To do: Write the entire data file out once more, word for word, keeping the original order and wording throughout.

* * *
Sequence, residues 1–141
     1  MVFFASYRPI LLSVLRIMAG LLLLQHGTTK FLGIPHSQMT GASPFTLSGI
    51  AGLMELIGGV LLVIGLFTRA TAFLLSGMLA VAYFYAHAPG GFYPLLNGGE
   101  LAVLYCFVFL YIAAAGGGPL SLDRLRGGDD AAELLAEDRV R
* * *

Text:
Sequence, residues 1–141
     1  MVFFASYRPI LLSVLRIMAG LLLLQHGTTK FLGIPHSQMT GASPFTLSGI
    51  AGLMELIGGV LLVIGLFTRA TAFLLSGMLA VAYFYAHAPG GFYPLLNGGE
   101  LAVLYCFVFL YIAAAGGGPL SLDRLRGGDD AAELLAEDRV R